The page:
Which, as the defense points out, is at least partially true, and perhaps completely accurate. I presumed at the time that the statement was returned to him with a note of regret, probably with a supportive statement, and that's what he was discussing. But that's pure conjecture.


That depends on timing. At some point, Plame turned into a, if not the major detail.

Beware of hindsight. Your logic can't apply to the actual discussions between Libby and reporters, only to his testimony. Based on the unimportance of Plame at that time, "forgetting" official info about her is not implausible beyond reasonable doubt.


Waxman was squawking too. Someone, in his letter he described them as 'private' sources, was talking to him.

Anonymous Liberal

I'm hardly suggesting anything as conspiratorial as many of the commenters here contend.

Libby's lawyers are searching for documents which might rebut the contention that Libby feared that if his true role in this affair became known, Bush might fire him.

The most obvious documents that fit this category would documents that indicate that the President was aware of Libby's involvement at the time he made his statements about firing people.

I'm not positing some grand conspiracy. I'm not suggesting that Bush knew before the fact that Libby was going to discuss Plame with reporters. I'm merely suggesting that it's possible that after this scandal broke, but before Bush made his statement, Libby and/or Rove came clean to the President about their involvement. If this is true, it would tend to establish that Bush was not referring to Rove or Libby when he made this statement. If so, this would support Libby's contention that he thought his job was secure and therefore would not have lied to protect it.


ts--good re strategy, but I do think it is more than that re Tenet. The record has always been vague about hos that referral letter made it over to DoJ and why the CIA conducted an internal investigation AFTER (not as usual, BEFORE) the submission to DoJ and why DOJ waited for--was it one or two months?--before proceedings.
I recall reading somewhere an explanation (perhaps it was speculation) that Tenet signed it because it was buried in a stack of insignificant things for him to sign and never read it.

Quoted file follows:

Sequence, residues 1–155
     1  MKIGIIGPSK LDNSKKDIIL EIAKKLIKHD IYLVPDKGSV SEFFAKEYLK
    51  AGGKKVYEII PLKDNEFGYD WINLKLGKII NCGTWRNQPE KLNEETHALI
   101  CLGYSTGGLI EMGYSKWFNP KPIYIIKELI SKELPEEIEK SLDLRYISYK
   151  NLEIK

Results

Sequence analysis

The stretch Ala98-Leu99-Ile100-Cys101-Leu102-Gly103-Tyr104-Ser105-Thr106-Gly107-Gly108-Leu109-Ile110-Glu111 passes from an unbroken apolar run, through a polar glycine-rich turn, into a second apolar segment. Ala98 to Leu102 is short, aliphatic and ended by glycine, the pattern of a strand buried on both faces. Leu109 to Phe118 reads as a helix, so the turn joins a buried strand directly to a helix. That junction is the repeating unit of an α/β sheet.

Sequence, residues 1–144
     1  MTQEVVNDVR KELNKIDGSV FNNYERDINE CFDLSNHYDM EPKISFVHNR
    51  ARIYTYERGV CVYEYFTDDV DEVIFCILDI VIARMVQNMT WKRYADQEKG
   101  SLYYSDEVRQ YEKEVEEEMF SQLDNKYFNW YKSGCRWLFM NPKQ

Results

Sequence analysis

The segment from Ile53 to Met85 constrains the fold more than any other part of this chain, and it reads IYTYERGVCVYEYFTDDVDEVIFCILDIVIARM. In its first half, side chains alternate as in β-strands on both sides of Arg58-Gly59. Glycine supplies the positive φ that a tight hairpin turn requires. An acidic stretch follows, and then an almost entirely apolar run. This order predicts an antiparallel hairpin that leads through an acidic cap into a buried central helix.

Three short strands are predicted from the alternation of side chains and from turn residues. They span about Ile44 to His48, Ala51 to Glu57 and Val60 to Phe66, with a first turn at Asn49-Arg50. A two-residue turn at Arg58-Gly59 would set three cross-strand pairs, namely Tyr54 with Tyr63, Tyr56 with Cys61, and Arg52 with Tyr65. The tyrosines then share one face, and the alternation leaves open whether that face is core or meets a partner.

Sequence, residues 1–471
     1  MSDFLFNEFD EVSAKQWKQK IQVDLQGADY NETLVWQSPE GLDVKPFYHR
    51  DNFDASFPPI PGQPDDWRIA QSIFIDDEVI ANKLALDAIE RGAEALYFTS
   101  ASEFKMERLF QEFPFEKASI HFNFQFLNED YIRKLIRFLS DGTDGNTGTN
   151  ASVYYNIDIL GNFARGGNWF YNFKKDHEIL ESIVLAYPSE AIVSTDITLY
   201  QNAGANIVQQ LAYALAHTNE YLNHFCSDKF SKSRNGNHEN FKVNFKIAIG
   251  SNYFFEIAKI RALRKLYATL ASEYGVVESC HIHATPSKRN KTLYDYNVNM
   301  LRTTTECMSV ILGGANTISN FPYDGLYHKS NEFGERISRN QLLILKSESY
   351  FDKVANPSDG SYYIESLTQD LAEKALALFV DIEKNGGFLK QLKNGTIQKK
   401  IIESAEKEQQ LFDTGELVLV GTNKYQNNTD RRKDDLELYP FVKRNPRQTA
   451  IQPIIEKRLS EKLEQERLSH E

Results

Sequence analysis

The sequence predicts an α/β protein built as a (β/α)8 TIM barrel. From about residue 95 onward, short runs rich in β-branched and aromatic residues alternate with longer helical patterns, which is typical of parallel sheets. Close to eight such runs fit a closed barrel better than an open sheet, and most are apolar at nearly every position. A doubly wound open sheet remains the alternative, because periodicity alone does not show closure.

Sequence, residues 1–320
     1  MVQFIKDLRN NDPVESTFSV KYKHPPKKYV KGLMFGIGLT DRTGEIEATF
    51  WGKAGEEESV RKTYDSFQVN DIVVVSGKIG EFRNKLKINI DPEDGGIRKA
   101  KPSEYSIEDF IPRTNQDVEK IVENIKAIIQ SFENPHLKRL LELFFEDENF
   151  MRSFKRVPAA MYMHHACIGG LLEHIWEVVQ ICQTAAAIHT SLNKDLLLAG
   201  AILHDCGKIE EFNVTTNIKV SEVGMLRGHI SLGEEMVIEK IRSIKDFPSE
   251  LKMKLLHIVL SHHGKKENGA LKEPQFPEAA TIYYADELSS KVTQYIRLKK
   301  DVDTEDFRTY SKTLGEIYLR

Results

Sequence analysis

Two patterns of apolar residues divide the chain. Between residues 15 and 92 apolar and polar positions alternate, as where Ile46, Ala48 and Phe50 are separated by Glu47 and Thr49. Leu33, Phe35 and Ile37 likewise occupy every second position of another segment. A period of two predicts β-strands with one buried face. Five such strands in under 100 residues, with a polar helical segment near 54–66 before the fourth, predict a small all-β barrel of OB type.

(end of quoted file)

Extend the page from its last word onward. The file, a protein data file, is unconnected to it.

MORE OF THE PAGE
Libby offers up another hypothetical, and I don't think it is pure speculation on his part.
As to Fleischerr who knows what's in the sealed declaration? Possibly a statement from someone present on Air Force One that Ari told him/her.
As to Rove and Grossman--I thinkwe are getting into hypotheticals. I can't see why Grossman is as signficiant a witness, as say UGO if UGO is Armitage.



"go back and look harder..Wilson admits that early on he contacted Senators with his fairytale. Leven began bleating about the uranium remark in the SOTU one day after it was given. The Sept and Oct stuff was a coordinated deal..Levin and Rockefeller and Conyers were certainly on Wilson and the VIPS rolodexes."

I agree with all that. My point was on the general question of "how important was Plame in the scheme of things?" and I noted that it depends on timing.

Libby is arguing that Plame was unimportant in June/July, and that the administration was intent on repudiating Wilson's lies. At that time, Plame is unimportant.

Later on, Plame got to be a big political hot potato, see speeches on Senate floor, etc. in the late September, early October time frame - all the calls for a special prosecutor, etc.


Think about this. If you are Libby, what is ace in the hole? A pardon. No matter the outcome of the trial on perjury, etc., at the end of the day you feel secure that your former boss will make sure his boss pardons you. How can that be done if you are implicating them? You lose your ace in the hole. Whatever happened, and I'm not implying there is any truth to the what is being bandied about here today, remains between Libby/Cheney/Bush, unless there is documentation that Libby isn't aware of. You gotta cover that base first.

Cecil Turner

Libby's lawyers are searching for documents which might rebut the contention that Libby feared that if his true role in this affair became known, Bush might fire him.

As long as you're aware they're contending that "true role":

  1. Wasn't the source of the leak; and
  2. Didn't disclose any classified information.
Then I think we're on the same page. (And kinda makes that "come clean" point less than dramatic.)


Libby and/or Rove came clean to the President about their involvement

Hindsight again. Rove wasn't aware what his role was. Libby's awareness is difficult to gauge. In order to get to your "innocent" supposition Libby would have to admit he knew a lot more than he testified. Don't see how that helps.